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How it took a worldwide pandemic to highlight the skills of our women leaders

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Published on 29 June 2020

Angela Merkel
Angela Merkel

Professor Monika Foster is Head of the School of Business and Management at the University of Sunderland.

Here, she talks about how the success of female leadership during the Covid-19 is not a chance outcome, but rather a sign of things to come.

 

“As we begin to plan the next academic year, it is a good time to reflect on some of the unexpected lessons learned so far this year, prompted by the world pandemic.

My own reflection is that the pandemic has highlighted rather remarkable aspects of leadership skills, especially female leadership.

We teach leadership skills in the School of Business and Management and more widely in the University, so how can female leadership in the time of the pandemic inform our teaching and learning next academic session and beyond?

Leadership during the pandemic has been put to the test like no other time, the big one, political leadership, and the local leadership in workplaces and households, juggling new duties alongside family and health.

The political leadership was challenged not just by the world pandemic, but also by the societies caught in the unprecedented times.

At the same time, female leadership has proven to be quite successful as inspiring and leading calmly under pressure.

Female leaders in Denmark, Finland, Germany, Iceland, New Zealand, Norway, Iceland, Finland, Scotland, Germany, Taiwan and New Zealand have managed the crisis better than their male counterparts.

They have shown resilience, pragmatism, trust in collective common sense and humility. It is no coincidence that women leaders succeeded, this is not a chance outcome, this is a sign of new demands on leadership in 21st century.

Women leaders need to be tough to succeed and to achieve leadership in societies where women are still a minority in the boardroom.

They need to learn to deal with attempts to bring them down for the small things, such as their hair, much earlier in their careers, which makes them more resilient.

See for example the comment from the First Minister of Scotland, made during the pandemic:

‘The number of men, like his Lordship here, who are obsessed with my hair is a bit weird tbh. (Whereas most women look at it and just know no hairdresser has been anywhere near it ).’ First Minister of Scotland, Nicola Sturgeon, May 2020.

But this is not a gender issue only. In fact, the reasons for successful leadership are more complex and are to do with the societies.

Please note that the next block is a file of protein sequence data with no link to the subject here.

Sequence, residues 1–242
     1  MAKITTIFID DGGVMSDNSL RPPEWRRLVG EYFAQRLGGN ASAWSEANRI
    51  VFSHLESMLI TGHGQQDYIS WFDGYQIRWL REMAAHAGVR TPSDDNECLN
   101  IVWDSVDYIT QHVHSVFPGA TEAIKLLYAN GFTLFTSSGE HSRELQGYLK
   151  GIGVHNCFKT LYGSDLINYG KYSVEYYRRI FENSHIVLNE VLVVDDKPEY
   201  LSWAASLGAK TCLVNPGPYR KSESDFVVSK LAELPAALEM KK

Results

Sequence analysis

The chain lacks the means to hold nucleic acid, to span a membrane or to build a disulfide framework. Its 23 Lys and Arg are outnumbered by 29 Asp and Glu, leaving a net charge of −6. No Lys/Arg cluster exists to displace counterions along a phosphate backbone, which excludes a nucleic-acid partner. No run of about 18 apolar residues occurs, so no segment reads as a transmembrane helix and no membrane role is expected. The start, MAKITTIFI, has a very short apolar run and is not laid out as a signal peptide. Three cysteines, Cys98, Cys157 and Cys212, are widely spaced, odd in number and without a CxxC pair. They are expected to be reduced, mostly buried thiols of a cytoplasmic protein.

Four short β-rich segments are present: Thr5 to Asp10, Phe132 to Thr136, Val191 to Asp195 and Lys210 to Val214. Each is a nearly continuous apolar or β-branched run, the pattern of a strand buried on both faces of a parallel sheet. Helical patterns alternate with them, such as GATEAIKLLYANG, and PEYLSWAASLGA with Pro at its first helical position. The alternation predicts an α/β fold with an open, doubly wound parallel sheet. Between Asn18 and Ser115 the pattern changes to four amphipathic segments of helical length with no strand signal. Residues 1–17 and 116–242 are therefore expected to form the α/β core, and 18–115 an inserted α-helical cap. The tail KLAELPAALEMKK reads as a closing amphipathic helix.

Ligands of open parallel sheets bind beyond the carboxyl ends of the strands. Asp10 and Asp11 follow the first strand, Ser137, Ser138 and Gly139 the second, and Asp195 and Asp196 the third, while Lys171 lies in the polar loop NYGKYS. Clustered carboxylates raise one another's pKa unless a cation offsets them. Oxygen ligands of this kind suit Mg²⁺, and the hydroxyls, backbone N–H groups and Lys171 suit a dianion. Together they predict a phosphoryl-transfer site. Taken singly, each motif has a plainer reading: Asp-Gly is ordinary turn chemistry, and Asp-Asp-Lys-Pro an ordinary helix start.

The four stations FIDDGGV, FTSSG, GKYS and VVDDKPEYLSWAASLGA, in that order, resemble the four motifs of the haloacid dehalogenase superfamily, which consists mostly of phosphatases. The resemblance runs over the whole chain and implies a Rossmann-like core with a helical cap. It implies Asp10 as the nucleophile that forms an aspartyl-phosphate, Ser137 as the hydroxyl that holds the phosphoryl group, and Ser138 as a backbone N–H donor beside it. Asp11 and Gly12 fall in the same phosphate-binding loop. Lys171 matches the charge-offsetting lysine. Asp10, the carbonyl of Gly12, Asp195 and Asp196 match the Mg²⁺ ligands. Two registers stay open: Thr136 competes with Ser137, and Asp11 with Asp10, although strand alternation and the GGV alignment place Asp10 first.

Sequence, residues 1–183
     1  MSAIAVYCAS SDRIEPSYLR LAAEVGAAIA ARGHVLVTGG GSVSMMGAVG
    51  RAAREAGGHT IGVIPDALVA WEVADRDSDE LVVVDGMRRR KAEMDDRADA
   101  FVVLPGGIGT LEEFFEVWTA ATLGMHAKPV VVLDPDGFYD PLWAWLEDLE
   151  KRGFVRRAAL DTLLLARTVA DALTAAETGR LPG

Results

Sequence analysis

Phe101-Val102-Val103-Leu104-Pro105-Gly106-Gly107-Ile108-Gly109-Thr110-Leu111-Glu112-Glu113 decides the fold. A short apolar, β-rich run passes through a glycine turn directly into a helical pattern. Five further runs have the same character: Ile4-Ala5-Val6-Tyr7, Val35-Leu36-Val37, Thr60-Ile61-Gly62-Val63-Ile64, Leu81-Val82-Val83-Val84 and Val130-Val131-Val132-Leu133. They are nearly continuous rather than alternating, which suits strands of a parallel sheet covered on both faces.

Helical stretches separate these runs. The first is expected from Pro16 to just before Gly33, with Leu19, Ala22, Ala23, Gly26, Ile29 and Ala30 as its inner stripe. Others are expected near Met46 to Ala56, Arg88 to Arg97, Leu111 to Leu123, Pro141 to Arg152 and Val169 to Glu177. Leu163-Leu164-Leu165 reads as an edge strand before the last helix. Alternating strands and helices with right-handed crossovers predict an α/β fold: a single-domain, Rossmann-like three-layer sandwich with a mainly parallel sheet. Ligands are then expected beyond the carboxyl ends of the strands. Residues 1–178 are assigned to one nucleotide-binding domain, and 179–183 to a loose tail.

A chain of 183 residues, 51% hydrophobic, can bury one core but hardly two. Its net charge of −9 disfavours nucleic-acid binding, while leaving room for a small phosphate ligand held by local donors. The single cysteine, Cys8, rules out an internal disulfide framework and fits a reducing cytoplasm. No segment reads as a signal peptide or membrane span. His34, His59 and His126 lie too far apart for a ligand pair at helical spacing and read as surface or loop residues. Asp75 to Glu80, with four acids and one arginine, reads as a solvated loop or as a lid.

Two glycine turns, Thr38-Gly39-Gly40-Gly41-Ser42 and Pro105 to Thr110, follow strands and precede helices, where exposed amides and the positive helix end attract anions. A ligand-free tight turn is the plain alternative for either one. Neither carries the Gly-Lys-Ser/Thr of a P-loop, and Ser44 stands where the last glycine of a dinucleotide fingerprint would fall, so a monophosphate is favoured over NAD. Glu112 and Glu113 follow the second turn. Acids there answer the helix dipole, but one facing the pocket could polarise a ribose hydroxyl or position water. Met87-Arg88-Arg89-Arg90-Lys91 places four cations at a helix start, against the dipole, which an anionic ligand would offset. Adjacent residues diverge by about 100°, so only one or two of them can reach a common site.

Women tend to get elected as leaders in societies where there is greater presence of women in positions of power. This in turn creates a broader perspective on events such as the pandemic, with richer and more complete solutions, due to gender parity.

The 21st century has so far seen greater challenges that call for a new type of leadership, not based on command and control, but involving resilience, flexibility, listening, empathy, collaboration, caring and striving for collective.

These characteristics align more readily with female leadership. Leadership is of course not confined just to the top positions and state roles, it matters more than ever in the workplace.

The work life balance challenges highlighted by the pandemic have impacted women especially, moving them back to the caring, family focused roles in many households, many juggling work with family responsibilities.

University of Sunderland programmes prepare students not just for the challenges of today but more so for the societies of tomorrow.

To make the most of the lessons learned from the pandemic, our courses can design in activities that empower all students to lead confidently in a volatile and changing circumstances. We can develop spaces for student groups and student projects to exercise skills in gender parity and promote actively diversity and diverse views.

Beyond academic programmes, in the workplace, the lessons learned from the female leadership should offer reflection in the workplace on how female leaders are supported and how their decisions are viewed.

The world pandemic has had catastrophic consequences on health and economy in societies worldwide. Let’s capitalise on this unprecedented time to ensure the next generations is better prepared for the challenges of 21st century. “

 

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